Summer 2016 Juvenile Coho & Steelhead Monitoring Summary

Thank you to all of the volunteers who participated in the 2016 Summer Juvenile Salmonid Monitoring Surveys on Pine Gulch, Redwood, and Olema Creeks. Through your dedication and flexibility, all of this year’s juvenile coho and steelhead monitoring was completed successfully.

Monitoring Season Notes

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The juvenile coho monitoring season has come to a close and the monitoring team is now gearing up for adult coho spawner surveys. Adult salmon have already migrated into Lagunitas Creek following recent storm events. Adult coho spawner surveys will begin soon with surveys following major storm events in late November through the middle of February. Spawner surveys conducted by the National Park Service will provide a census of adult coho spawning in West Marin.

Preliminary results from our juvenile coho basinwide surveys indicated a decrease in numbers on both Olema and Redwood Creeks when compared to the previous generation. The number of juvenile coho was fewer than anticipated given the strong return of spawning coho seen during the winter of 2015-2016. In particular, numbers were lower than expected in Olema Creek. Potential explanations include late winter storms that may have scoured coho redds and increased mortality of recently emerged fry, and increased spawning in tributary habitat that dried up during the summer. This is the seventh consecutive year that no coho juveniles were observed during summer surveys on Pine Gulch Creek.

Large juvenile steelhead in a measuring tray
Larger juvenile steelhead such as this one captured on Redwood Creek are likely over two years in age. It is possible that this steelhead will never migrate into the ocean, and will reside in Redwood Creek for its entire life. Steelhead that remain in freshwater are called Rainbow Trout.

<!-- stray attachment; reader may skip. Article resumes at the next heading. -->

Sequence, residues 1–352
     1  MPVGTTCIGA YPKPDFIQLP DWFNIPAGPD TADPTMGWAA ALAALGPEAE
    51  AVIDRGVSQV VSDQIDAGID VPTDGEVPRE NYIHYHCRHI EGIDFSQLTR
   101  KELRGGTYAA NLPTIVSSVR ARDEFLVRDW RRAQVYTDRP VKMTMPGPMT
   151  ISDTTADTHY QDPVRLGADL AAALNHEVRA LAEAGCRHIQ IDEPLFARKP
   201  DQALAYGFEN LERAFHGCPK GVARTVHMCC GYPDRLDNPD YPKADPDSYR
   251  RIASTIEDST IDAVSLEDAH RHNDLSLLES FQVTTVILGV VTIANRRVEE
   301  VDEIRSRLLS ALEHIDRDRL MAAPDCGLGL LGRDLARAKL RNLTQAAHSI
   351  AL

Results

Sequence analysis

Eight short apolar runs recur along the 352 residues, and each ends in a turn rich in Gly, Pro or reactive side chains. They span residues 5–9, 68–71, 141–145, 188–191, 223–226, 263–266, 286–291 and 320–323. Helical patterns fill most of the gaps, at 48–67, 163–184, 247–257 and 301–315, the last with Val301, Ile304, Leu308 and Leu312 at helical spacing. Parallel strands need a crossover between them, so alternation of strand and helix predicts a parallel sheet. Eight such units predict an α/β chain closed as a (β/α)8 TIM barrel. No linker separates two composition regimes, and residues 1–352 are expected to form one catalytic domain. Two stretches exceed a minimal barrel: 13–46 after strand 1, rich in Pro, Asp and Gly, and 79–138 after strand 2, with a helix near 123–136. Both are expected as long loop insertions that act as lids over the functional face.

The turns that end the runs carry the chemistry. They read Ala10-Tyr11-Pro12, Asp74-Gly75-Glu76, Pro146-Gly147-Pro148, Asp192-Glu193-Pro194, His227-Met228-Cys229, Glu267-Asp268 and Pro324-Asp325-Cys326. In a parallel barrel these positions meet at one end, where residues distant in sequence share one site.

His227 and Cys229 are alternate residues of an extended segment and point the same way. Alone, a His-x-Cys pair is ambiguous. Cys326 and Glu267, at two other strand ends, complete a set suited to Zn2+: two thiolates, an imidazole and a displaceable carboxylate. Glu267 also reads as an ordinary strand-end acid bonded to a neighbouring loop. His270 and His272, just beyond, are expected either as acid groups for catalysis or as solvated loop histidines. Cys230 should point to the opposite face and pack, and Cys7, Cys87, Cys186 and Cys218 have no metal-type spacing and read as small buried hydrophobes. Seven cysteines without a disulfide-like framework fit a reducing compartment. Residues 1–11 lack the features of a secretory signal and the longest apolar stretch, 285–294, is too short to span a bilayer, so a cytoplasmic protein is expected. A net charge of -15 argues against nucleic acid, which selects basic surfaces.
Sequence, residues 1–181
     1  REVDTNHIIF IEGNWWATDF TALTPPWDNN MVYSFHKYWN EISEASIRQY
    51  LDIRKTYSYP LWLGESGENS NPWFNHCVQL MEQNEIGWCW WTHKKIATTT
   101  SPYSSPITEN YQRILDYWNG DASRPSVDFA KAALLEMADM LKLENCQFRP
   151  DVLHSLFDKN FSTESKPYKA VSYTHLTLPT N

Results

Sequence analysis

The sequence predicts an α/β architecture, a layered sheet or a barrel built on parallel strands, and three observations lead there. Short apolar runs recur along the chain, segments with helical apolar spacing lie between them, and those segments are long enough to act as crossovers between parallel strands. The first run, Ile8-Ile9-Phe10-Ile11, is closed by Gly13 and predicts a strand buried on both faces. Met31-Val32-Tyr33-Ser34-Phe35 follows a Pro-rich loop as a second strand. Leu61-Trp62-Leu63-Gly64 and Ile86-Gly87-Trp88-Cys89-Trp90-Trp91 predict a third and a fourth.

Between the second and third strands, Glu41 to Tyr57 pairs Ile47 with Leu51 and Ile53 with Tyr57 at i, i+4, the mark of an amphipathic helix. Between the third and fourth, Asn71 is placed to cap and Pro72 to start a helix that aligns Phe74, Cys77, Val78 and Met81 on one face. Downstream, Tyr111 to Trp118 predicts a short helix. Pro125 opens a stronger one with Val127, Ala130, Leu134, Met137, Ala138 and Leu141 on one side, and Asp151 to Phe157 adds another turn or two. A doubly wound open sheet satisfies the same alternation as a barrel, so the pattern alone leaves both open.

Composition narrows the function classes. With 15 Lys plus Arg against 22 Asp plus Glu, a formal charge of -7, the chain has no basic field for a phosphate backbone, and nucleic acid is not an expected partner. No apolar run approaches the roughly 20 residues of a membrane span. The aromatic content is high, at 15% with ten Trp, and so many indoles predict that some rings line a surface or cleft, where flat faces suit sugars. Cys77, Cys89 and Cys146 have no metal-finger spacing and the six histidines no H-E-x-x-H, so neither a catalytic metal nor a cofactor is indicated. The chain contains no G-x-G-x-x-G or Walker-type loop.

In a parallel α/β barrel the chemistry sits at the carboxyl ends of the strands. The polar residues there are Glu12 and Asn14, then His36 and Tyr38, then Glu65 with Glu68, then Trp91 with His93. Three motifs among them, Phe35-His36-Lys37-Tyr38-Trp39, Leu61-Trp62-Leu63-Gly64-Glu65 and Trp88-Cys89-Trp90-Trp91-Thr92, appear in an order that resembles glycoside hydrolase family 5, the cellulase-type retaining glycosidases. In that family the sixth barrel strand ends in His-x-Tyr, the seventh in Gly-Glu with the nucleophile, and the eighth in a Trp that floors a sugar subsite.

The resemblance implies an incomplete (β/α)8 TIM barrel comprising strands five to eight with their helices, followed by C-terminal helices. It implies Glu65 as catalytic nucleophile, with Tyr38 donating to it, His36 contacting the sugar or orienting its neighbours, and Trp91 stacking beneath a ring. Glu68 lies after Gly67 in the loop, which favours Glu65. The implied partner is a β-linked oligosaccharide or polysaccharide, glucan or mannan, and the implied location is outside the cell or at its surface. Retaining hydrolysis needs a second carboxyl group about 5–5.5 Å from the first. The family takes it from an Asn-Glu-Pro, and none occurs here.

Brentley McNeill / PRNSA

Olema Creek
A total of 2,658 juvenile coho were observed during summer basinwide surveys on Olema Creek, and another 474 were captured during electrofishing along fixed index reaches. When compared to the last time this generation was observed, the 2016 preliminary basinwide population estimate of 16,500 juveniles is lower than the 2013 estimate of 16,599, but within the 2013 95% confidence interval [13,075; 20,123]. Juvenile coho were observed throughout the 13 km stretch surveyed. A total of 247 coho juveniles were implanted with PIT (passive integrated transponder) tags to allow detailed tracking of individual fish throughout their lives. This allows us to capture data on growth between life stages, timing of migration, and survival.

Redwood Creek
A total of 604 juvenile coho were observed during the basinwide surveys on Redwood Creek, and an additional 127 juveniles were captured during index reach electrofishing. The 2016 preliminary population estimate of 2,500 juveniles is lower than the 2013 estimate of 3,159 95% CI [2,287; 4,031]. Although juvenile coho were seen throughout the mainstem of Redwood Creek, the highest concentration occurred between the confluence with Kent Creek and Bridge 1 in Muir Woods. Juvenile coho were not seen on the Fern Creek tributary this season. A total of 104 fish were PIT tagged during electrofishing surveys.